If you went on any social media platform in 2015, or even stepped outside your house, you have probably seen the latest transportation craze – hoverboards. Contradictory by name, these machines do not actually hover. Although if you were far away enough, or simply forgot your glasses, the rider might appear to be hovering above the ground. The devices function similarly to a Segway except lack the pole or handlebars. Each wheel has a motor of its own, allowing for greater stability as the rider leans forward or backward to move.
2015 was dubbed the year of the hoverboard. In January, CNN named the IO Hawk Hoverboard as one of the coolest pieces of new technology at the Consumer Electronics Show in Las Vegas, Nevada. This original board costs a hearty $1,800. Several companies, either making their own or rebranding from China, have hopped on the board bandwagon. They have since appeared on streets throughout the world, late night talk shows, in the hands of celebrities, and nearly every Vine account. Even the retail store Walmart lined its shelves with boards for the 2015 holiday season.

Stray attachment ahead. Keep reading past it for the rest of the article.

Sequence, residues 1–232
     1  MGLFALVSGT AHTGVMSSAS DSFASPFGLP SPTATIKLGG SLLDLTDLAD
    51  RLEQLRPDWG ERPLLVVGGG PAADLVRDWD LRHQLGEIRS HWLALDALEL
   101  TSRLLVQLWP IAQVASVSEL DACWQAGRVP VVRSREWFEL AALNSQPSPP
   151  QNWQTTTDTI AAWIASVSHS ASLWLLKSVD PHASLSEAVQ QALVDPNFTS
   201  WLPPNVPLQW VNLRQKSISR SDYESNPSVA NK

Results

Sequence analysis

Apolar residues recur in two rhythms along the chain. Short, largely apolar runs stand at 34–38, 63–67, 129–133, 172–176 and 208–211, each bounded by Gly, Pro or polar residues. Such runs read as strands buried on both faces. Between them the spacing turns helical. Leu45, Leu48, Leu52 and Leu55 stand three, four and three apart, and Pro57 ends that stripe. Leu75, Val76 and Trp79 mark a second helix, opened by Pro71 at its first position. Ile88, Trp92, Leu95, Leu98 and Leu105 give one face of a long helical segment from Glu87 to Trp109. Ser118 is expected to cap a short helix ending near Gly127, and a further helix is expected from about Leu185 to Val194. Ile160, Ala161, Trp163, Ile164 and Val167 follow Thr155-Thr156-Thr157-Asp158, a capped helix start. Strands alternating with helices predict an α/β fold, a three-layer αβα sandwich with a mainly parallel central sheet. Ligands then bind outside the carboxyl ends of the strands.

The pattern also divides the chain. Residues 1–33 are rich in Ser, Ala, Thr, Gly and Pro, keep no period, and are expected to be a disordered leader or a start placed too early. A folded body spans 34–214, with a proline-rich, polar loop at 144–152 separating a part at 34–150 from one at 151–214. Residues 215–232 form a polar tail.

The UK recently outlawed the use of hoverboards on their streets. A pilgrim was even seen using one to complete the tawaf – a circumnavigation of the holiest site in Islam.
The devices have made their way to Los Gatos as well. Several LGHS students own a board, and it has even led to the administration to set some boundaries on their use. Hoverboards, along with skateboards, now must to be left at the front office during school hours. The popularity of the boards doesn’t seem to be decreasing as 2016 kicks off. With the Consumer Electronics Show occurring this month, perhaps a new device will take the spotlight that hoverboards currently hold.